Purchase security covers items bought worldwide, whether in person or online. Consumer electronics, including smartphones and new clothing, are generally eligible, according to TD Canada Trust spokesperson Lynzey MacRae. So are jewelry, gems and watches that the cardholder was wearing when the loss occurred.
conditions and limitations
Purchase security reimbursement depends on an individual assessment of each cardholder's claim. Greg Skinner, communications manager with RBC Insurance, encourages customers to discuss claim questions with a client services representative or review online insurance certificates.
Purchase security can involve subtle nuances, which vary by card issuer. For example, RBC's free card benefit doesn't reimburse for golf balls lost or hockey sticks broken during the normal course of play.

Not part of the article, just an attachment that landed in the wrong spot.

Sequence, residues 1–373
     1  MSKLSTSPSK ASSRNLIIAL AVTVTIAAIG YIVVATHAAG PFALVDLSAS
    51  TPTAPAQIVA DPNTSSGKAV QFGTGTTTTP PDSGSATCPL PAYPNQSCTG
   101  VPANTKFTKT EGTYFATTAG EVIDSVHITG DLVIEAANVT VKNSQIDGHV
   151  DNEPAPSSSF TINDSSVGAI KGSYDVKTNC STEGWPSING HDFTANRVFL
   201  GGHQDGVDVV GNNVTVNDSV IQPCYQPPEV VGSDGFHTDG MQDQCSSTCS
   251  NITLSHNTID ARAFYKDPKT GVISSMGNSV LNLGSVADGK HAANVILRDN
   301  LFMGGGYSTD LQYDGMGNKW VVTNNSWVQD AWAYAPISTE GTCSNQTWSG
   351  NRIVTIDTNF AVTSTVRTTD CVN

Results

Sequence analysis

"But if your new stick or golf balls are stolen from your car, they are covered for 90 days from the date of purchase," says Skinner.
If you buy expensive merchandise, such as a Canada Goose parka that turns out to be fake, purchase security won't help because the coverage specifically excludes counterfeit items.
Cardholders are also out of luck if their loss involves most motorized vehicles, although some credit card benefits specifically cover lawnmowers, snow-blowers or powered wheelchairs for handicapped persons. Bicycles are also covered.
Which brings us to the notorious "mysterious disappearance exclusion." Some consumers argue insurers use this clause as licence to dismiss any lost item claim that would otherwise be eligible under the purchase security benefit. Skinner says losing a new purchase, such as a pair of eyeglasses, is reimbursable, provided cardholders submit satisfactory proof to the credit card insurer.